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Orion II Dining

5.0 / 5.0
Editor Rating
1 reviews
Editor Rating
Sue Bryant
Cruise Critic Contributor

Food onboard National Geographic Orion is designed to please Australians and New Zealanders, so expect some fine cuts of meat, an emphasis on fresh and varied vegetables, an abundance of seafood and regular barbecues on deck. It's also quite adventurous, with many dishes reflecting the cuisine of the area in which the ship is sailing. On our Vietnam Explorer cruise, lunch and dinner had an intriguing fusion element, with plenty of lightly spiced dishes and an impressive range of Vietnamese cuisine, from noodle dishes to spicy salads, spring rolls and chili prawns, especially on the buffet.

Breakfasts were excellent, including bacon, sausage, hashbrowns and baked beans, eggs to order (including Eggs Benedict), a wide array of pastries and cereals, and huge platters of fresh, tropical fruit. Cappuccinos and lattes are made to order at no charge. Breakfast service times vary according to the departure time of each day's tour, but Early Bird service (continental breakfast) is usually available from 6:30 a.m., with main service, either in the Outdoor Cafe or the Restaurant, from around 7:30 a.m. on port days and a more relaxed 8:30 to 9:30 a.m. on sea days.

Lunch is a hot and cold buffet, served on deck on fine days. There's a pasta station, a salad buffet and assorted, freshly cooked dishes of the day -- noodles, spicy chicken, burgers, a hot dish, fresh fish, giant prawns (shrimp) on the barbecue, and various Vietnamese nibbles like spring rolls and savory pancakes. Service times depend entirely on the departure times of the tours.

Afternoon tea is served in the Club Lounge every day, with fresh scones, sandwiches, dainty cakes and, on one occasion, Crepes Suzette. Tea and coffee, including cappuccino, are available from the bar at no charge, and there's also a jar of cookies on the bar for anybody with the munchies.

Dinner is served in the Restaurant from 7:30 p.m. and is open-seating, with a mix of tables for two, four, six and eight. Most people gravitate toward the larger tables once friendships have formed; hardly any twos were occupied by the second half of our cruise. On fine nights, there is often an opportunity to eat on deck, but on our cruise it rained nearly every night, so we dined in the Restaurant.

Diners can choose from two menus, each of which changes every evening. One is designed by Australian celebrity chef Serge Dansereau of the Bathers Pavilion, a famous Sydney restaurant. The other is more standard cruise fare, less adventurous, but nonetheless fresh, tasty and beautifully presented. You can switch between the two menus and order from each. Each has a choice of three or four starters, a soup, salad, a choice of mains (one from the sea, one from the land and one from the sky, as the maitre d' poetically pointed out) and a range of desserts. A cheese board is also on offer -- with superb Australian and New Zealand cheeses, served at the correct temperature.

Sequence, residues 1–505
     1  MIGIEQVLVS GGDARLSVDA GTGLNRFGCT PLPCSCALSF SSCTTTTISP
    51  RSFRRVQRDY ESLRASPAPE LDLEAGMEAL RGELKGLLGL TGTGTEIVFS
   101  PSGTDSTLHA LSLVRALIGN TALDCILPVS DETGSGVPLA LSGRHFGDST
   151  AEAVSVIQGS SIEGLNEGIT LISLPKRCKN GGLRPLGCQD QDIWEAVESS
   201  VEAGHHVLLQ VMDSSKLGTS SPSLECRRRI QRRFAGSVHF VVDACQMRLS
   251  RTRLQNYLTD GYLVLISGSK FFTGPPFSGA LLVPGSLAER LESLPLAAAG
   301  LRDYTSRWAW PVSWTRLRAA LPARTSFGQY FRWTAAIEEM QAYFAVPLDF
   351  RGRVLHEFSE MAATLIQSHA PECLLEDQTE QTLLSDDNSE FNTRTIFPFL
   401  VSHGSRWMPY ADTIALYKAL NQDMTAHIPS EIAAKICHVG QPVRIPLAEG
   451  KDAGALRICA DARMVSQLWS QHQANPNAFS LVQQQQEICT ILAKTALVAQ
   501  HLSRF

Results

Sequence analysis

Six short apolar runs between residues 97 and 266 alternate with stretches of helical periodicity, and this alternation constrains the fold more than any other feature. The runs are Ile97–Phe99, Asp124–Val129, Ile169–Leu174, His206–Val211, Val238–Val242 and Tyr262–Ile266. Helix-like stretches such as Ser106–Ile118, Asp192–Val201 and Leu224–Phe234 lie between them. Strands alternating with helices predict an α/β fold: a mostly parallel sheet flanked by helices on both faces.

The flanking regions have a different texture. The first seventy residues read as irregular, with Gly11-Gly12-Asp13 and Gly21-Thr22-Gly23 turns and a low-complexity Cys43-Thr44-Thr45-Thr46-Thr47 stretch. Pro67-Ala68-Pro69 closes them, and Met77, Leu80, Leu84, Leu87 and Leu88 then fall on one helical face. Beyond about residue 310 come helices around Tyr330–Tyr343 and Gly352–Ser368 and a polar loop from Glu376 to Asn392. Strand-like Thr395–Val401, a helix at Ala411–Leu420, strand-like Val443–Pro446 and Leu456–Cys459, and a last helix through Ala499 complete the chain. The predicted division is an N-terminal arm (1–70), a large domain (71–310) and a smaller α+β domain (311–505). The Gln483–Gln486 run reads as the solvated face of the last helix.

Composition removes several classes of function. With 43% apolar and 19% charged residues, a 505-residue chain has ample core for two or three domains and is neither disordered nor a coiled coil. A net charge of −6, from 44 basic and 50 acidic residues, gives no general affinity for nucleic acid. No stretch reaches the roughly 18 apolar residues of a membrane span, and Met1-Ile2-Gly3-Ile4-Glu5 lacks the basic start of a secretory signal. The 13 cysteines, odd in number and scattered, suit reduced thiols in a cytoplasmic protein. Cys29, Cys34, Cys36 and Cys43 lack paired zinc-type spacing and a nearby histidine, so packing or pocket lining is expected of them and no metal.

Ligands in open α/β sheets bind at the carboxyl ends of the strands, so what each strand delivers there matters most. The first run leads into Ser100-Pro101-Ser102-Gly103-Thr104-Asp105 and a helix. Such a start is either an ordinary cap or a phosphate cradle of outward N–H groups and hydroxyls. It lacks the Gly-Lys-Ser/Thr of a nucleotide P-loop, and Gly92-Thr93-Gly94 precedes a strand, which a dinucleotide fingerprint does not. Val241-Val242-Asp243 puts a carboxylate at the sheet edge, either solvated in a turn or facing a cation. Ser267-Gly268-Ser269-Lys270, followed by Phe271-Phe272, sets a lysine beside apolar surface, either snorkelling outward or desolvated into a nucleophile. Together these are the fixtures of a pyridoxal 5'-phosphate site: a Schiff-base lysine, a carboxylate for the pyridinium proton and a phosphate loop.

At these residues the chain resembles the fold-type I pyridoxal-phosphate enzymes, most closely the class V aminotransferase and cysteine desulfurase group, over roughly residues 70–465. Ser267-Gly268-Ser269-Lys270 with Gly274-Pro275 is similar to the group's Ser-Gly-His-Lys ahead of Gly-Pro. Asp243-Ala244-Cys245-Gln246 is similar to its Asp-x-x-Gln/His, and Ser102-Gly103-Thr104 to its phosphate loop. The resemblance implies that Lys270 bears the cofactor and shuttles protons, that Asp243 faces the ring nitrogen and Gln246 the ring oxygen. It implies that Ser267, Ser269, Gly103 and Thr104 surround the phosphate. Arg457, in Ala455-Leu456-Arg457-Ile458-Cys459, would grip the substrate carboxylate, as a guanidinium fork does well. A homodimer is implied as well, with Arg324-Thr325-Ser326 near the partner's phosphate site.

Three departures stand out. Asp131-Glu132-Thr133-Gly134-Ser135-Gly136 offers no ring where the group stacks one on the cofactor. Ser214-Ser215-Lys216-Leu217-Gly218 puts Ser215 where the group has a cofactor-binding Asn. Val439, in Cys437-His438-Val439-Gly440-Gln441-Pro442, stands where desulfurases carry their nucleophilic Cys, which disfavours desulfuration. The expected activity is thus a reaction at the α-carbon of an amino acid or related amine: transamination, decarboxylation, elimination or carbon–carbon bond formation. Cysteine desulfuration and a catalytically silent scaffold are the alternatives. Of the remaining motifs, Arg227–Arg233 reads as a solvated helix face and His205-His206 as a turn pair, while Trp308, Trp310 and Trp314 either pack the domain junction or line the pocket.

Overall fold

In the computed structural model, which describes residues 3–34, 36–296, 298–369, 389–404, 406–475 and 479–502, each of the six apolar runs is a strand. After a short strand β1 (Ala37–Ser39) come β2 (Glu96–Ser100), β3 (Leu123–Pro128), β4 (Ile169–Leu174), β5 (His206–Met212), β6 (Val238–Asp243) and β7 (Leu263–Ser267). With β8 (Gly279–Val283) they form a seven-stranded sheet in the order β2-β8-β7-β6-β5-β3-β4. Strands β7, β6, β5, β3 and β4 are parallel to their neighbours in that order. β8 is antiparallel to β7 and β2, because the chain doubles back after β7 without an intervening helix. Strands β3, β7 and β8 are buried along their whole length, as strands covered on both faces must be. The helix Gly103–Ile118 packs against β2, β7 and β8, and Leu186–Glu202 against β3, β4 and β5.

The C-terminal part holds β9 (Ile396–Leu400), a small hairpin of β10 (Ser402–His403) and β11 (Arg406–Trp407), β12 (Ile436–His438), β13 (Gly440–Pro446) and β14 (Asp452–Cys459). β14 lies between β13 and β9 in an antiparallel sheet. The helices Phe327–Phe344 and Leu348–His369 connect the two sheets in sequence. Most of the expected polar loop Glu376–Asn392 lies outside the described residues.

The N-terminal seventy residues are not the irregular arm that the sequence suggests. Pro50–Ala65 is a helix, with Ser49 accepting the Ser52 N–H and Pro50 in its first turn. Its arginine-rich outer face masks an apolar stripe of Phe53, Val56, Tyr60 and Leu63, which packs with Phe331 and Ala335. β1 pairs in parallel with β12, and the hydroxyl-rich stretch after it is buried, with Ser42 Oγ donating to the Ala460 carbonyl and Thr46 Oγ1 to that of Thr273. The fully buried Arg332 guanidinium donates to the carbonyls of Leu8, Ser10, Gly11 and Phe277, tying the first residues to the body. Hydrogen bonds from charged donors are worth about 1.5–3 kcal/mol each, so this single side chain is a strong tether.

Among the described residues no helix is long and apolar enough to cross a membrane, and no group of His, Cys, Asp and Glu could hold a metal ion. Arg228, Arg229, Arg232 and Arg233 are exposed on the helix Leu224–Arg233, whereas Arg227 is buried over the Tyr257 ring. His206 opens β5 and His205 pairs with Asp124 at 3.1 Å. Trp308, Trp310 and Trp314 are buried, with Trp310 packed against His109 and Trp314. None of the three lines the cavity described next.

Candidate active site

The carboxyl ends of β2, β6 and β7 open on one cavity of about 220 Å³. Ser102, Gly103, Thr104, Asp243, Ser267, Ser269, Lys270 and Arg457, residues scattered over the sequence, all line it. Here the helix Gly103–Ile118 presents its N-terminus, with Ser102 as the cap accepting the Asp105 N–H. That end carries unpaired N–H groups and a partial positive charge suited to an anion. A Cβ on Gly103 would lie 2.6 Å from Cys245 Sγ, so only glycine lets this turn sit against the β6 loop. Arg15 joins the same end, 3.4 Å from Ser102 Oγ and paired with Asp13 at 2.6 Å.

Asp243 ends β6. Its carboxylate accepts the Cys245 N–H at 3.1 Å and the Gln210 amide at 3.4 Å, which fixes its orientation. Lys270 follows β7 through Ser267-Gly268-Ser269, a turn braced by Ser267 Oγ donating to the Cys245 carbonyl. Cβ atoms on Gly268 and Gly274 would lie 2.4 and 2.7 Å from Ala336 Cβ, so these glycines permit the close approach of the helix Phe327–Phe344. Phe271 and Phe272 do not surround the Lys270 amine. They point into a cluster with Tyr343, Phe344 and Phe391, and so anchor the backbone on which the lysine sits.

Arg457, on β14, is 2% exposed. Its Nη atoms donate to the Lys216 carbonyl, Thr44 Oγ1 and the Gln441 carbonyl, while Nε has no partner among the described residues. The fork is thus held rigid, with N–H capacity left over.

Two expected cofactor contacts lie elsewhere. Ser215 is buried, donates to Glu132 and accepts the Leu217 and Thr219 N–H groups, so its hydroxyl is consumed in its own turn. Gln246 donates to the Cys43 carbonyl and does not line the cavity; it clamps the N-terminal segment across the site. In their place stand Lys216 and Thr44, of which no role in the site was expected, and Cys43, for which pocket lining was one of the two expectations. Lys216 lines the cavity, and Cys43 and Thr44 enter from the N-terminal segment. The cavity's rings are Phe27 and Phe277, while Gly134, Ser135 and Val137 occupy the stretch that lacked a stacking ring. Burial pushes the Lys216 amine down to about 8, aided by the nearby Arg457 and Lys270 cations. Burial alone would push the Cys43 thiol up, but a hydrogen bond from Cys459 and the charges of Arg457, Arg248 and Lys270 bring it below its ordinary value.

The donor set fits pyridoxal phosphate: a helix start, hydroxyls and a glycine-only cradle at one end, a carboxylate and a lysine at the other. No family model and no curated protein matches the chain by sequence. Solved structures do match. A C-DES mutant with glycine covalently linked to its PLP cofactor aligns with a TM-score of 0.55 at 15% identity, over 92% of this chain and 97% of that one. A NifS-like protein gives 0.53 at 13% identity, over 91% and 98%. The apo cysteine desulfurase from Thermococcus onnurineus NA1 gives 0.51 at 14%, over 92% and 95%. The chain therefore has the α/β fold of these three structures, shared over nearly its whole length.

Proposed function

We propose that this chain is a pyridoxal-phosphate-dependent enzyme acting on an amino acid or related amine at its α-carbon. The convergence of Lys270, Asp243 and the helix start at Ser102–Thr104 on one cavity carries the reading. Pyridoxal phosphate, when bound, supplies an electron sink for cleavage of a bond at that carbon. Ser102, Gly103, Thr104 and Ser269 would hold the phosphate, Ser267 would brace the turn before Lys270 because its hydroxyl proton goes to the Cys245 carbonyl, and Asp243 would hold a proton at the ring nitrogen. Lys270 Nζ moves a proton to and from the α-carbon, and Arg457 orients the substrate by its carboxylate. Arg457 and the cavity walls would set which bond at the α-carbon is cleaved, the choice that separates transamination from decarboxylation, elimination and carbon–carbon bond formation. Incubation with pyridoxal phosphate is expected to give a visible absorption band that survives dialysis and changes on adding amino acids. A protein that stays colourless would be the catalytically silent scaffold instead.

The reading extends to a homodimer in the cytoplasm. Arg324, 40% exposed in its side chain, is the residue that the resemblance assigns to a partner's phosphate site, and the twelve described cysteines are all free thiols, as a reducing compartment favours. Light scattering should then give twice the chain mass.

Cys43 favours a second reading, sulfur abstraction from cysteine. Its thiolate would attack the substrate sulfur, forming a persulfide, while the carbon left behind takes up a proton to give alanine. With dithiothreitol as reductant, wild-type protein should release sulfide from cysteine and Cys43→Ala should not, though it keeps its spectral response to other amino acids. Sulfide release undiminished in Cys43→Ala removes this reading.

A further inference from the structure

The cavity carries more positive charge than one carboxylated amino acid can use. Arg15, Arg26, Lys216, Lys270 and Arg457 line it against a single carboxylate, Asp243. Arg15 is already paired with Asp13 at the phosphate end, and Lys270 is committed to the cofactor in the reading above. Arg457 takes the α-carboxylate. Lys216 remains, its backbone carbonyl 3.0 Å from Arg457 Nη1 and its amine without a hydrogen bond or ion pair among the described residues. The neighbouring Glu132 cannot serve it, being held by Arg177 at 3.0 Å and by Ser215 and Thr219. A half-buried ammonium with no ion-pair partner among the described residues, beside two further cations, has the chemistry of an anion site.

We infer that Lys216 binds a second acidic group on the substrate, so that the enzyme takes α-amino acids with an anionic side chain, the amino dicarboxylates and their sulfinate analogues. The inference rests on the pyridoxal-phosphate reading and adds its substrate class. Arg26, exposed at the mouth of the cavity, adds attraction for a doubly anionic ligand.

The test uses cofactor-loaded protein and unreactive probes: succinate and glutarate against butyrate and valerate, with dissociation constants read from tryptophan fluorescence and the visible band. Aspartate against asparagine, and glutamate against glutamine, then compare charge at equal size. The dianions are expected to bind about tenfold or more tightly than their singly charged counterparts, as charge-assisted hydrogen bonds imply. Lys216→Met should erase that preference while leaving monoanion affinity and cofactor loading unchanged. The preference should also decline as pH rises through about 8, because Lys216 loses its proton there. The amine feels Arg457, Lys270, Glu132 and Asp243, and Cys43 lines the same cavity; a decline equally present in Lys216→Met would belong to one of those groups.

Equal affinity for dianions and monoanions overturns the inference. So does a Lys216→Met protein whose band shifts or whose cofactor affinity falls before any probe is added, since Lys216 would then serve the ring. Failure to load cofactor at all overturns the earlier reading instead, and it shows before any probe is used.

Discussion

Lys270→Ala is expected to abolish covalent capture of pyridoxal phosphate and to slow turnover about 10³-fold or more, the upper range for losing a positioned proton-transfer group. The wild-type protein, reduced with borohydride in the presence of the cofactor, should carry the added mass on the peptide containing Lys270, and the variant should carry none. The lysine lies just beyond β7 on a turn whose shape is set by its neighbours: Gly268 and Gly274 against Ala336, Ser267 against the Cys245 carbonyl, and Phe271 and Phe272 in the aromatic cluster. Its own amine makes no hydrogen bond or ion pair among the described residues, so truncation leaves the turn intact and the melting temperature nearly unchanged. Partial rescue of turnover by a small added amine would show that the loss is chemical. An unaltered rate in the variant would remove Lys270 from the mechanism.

The menu included dishes like Pad Thai (spicy Thai noodles), white fish curry, vegetable samosas, Singapore noodles, rack of lamb, fish on a bed of bok choi and herbed roast chicken with vegetables. Meatier fare included Merino lamb, sirloin steak, pork tenderloin and oven-roasted venison loin. Most dishes really were excellent. It surprised us that a vegetarian main wasn't available every day, but a quick word with the maitre d', and the menu dishes were swiftly adapted.

On one night, a magnificent seafood barbecue was held on deck, while on another night, when we were sailing through a huge storm, a special "stormy" menu of comfort food was produced: Chicken noodle soup, pasta, grilled salmon and plain steak.

An inordinate number of people had special dietary needs on our sailing -- including vegetarian, seafood-free and gluten-free diets -- and every individual was carefully looked after by Gabor, the energetic maitre d'. One woman with celiac disease told me that this attention to detail in meeting her requirements was one of the reasons she always sailed with Orion.

Service at dinner was friendly and efficient, but too fast. Australians and New Zealanders, like Brits, prefer to linger over a meal, something that came up in conversation more than once. Orion's service seems more geared to American tastes, which is strange, given that the main market by far is Australia and New Zealand.

Orion II offers a decent wine list of mainly New World wines, costing on average around AU$30 a bottle. By the glass, house wines are AU$7.50, while a San Miguel beer is AU$5.50 and a cocktail around AU$10.

Room service isn't offered, although if, for example, a passenger were ill and confined to his or her cabin, the crew would provide trays of food.

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